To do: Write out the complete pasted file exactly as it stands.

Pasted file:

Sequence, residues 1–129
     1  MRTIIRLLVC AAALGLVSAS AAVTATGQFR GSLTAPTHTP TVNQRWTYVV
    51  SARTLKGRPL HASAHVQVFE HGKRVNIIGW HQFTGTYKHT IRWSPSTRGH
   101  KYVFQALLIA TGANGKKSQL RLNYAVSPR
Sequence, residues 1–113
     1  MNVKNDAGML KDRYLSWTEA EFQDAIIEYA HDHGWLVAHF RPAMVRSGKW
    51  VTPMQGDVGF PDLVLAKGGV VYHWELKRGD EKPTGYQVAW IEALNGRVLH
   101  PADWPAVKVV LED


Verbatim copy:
Sequence, residues 1–129
     1  MRTIIRLLVC AAALGLVSAS AAVTATGQFR GSLTAPTHTP TVNQRWTYVV
    51  SARTLKGRPL HASAHVQVFE HGKRVNIIGW HQFTGTYKHT IRWSPSTRGH
   101  KYVFQALLIA TGANGKKSQL RLNYAVSPR
Sequence, residues 1–113
     1  MNVKNDAGML KDRYLSWTEA EFQDAIIEYA HDHGWLVAHF RPAMVRSGKW
    51  VTPMQGDVGF PDLVLAKGGV VYHWELKRGD EKPTGYQVAW IEALNGRVLH
   101  PADWPAVKVV LED